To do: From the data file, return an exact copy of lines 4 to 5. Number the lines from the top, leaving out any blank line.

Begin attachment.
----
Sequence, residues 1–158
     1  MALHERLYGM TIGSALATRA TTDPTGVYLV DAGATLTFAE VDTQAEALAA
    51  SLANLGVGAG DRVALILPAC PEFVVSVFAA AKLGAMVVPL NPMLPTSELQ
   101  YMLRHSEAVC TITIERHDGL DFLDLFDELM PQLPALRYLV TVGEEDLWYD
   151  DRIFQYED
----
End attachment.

   101  YMLRHSEAVC TITIERHDGL DFLDLFDELM PQLPALRYLV TVGEEDLWYD
   151  DRIFQYED